Interacting with a Virtual Rap Dancer

  • Dennis Reidsma
  • Anton Nijholt
  • Rutger Rienks
  • Hendri Hondorp
Part of the Lecture Notes in Computer Science book series (LNCS, volume 3814)

Abstract

This paper presents a virtual dancer that is able to dance to the beat of music coming in through the microphone and to motion beats detected in the video stream of a human dancer. In the current version its moves are generated from a lexicon that was derived manually from the analysis of the video clips of nine rap songs of different rappers. The system also allows for adaptation of the moves in the lexicon on the basis of style parameters.

Preview

Unable to display preview. Download preview PDF.

Unable to display preview. Download preview PDF.

References

  1. 1.
    Rose, T.: Black Noise: Rap Music and Black Culture in Contemporary America. Reed Business Information, Inc (1994)Google Scholar
  2. 2.
    Attolino, P.: Iconicity in rap music: the challenge of an anti-language. Presentation at Fifth International Symposium Iconicity in Language and Literature, Kraków (2005)Google Scholar
  3. 3.
    Ruttkay, Z., Pelachaud, C.: From Brows to Trust. In: Evaluating embodied conversational agents. Kluwer Academic Publishers, Dordrecht (2004)Google Scholar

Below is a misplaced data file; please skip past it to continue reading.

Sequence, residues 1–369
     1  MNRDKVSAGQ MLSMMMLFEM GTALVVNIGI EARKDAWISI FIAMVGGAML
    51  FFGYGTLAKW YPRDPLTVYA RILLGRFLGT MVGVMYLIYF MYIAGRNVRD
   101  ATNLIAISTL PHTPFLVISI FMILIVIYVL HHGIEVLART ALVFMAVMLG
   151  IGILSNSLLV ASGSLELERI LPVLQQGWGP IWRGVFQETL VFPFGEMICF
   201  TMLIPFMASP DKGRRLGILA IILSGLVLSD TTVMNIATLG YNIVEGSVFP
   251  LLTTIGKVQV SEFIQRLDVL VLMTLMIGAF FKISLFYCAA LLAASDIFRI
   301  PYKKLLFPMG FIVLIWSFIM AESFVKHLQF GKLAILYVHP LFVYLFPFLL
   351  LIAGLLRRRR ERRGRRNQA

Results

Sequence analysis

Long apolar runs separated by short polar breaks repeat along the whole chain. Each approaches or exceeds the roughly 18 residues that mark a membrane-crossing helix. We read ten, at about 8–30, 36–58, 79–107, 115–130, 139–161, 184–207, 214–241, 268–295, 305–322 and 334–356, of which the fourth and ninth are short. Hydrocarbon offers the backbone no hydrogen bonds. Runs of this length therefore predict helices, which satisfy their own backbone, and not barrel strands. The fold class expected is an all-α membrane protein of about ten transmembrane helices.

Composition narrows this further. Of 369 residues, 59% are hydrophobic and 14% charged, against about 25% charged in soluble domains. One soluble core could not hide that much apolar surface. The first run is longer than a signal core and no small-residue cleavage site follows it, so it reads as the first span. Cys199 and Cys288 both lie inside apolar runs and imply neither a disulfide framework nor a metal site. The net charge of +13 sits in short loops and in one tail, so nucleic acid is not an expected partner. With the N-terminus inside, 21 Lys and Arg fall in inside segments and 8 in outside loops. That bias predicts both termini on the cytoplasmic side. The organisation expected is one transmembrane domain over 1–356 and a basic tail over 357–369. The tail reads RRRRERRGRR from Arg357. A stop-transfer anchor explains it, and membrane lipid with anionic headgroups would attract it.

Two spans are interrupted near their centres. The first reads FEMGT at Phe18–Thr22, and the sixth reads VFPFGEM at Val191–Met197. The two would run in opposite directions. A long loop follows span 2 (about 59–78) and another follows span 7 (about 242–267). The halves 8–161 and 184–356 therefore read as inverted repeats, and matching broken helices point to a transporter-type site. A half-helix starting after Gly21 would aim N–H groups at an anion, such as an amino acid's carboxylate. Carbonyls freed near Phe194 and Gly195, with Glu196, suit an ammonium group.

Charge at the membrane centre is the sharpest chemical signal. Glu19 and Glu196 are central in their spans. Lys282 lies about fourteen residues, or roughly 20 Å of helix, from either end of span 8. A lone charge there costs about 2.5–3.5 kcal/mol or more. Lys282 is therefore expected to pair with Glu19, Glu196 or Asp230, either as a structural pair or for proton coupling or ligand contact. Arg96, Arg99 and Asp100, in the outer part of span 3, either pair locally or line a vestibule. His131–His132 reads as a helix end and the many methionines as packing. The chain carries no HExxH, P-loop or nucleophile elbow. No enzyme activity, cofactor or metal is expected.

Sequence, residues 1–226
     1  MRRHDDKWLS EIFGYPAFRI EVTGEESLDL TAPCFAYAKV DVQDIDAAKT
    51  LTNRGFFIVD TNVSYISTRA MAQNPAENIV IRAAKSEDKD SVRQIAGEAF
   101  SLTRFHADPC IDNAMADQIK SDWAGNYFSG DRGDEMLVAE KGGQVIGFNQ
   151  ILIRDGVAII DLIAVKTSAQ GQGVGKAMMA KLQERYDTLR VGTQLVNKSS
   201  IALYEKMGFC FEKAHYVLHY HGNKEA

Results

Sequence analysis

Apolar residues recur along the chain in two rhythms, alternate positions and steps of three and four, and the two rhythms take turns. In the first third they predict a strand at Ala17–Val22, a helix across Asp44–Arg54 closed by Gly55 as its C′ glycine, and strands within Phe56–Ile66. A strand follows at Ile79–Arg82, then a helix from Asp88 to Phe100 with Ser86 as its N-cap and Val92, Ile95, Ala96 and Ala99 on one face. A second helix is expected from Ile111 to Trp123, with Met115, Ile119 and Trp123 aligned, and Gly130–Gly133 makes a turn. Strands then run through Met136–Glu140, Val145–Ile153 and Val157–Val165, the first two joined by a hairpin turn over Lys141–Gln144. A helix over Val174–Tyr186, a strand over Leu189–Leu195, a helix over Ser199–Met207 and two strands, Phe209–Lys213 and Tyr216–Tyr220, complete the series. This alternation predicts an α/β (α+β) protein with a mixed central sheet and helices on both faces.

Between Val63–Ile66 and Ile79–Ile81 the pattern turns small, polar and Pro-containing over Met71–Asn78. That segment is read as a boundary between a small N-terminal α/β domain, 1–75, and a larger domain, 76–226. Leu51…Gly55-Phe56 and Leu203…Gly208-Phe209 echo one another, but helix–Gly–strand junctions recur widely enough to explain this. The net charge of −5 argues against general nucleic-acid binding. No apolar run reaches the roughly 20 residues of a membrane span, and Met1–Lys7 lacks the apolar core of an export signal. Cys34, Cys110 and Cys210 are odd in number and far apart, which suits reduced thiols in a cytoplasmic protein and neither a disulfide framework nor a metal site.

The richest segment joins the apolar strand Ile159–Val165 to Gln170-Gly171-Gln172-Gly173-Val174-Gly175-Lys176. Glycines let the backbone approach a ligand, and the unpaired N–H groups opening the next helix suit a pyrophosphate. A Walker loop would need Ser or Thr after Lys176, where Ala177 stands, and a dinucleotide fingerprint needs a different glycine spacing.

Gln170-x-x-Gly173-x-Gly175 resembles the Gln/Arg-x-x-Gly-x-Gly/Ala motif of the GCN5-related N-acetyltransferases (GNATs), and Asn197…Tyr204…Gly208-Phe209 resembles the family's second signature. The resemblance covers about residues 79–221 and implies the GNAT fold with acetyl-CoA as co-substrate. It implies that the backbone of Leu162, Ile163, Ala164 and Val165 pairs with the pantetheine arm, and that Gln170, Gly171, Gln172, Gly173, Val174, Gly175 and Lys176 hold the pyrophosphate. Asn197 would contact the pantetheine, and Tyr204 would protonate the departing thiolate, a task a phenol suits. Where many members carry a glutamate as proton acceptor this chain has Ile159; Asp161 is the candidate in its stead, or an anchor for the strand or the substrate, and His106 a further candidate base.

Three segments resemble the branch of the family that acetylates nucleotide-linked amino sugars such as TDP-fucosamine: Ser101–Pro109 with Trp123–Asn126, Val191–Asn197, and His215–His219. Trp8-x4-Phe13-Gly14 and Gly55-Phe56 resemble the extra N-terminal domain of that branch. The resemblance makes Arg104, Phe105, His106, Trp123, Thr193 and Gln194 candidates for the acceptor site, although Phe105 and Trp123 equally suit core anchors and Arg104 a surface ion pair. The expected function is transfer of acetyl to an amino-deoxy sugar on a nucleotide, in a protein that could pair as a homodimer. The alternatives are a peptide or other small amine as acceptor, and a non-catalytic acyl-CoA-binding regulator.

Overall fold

4. 4.
    Agent Culture. In: Payr, S., Trappl, R. (eds.) Human-Agent Interaction in a Multicultural World. Lawrence Erlbaum Associates, Mahwah (2004)Google Scholar
  5. 5.
    Prendinger, H., Ishizuka, M. (eds.): Life-Like Characters. Tools, Affective Functions, and Applications. Cognitive Technologies Series. Springer, Heidelberg (2004)Google Scholar
  6. 6.
    Tosa, N., Nakatsu, R.: Emotion recognition-based interactive theatre –Romeo & Juliet in Hades -. In: Alberti, M.A., Gallo, G., Jelinek, I. (eds.) Eurographics 1999 (1999)Google Scholar
  7. 7.
    Pinhanez, C., Bobick, A.: Using computer vision to control a reactive graphics character in a theater play. In: Christensen, H.I. (ed.) ICVS 1999. LNCS, vol. 1542, pp. 66–82. Springer, Heidelberg (1998)CrossRefGoogle Scholar
  8. 8.
    Shiratori, T., Nakazawa, A., Ikeuchi, K.: Rhythmic motion analysis using motion capture and musical information. In: IEEE International Conference on Multisensor Fusion and Integration for Intelligent Systems, pp. 89–94 (2003)Google Scholar
  9. 9.
    Bertolo, M., Maninetti, P., Marini, D.: Baroque dance animation with virtual dancers. In: Alberti, M.A., Gallo, G., Jelinek, I. (eds.) Eurographics 1999 (1999)Google Scholar
  10. 10.
    Kragtwijk, M., Nijholt, A., Zwiers, J.: An animated virtual drummer. In: Giagourta, V., Strintzis, M.G. (eds.) International Conference on Augmented, Virtual Environments and Three-dimensional Imaging (ICAV3D), Mykonos, Greece, pp. 319–322 (2001)Google Scholar
  11. 11.
    Goto, M., Muraoka, Y.: A Virtual Dancer “Cindy” - Interactive Performance of a Music-controlled CG Dancer. In: Proceedings of Lifelike Computer Characters 1996, p. 65 (1996)Google Scholar
  12. 12.
    Hamanaka, M., Goto, M., Asoh, H., Otsu, N.: A learning-based jam session system that imitates a player’s personality model. In: Proceedings International Joint Conference on Artificial Intelligence, pp. 51–58 (2003)Google Scholar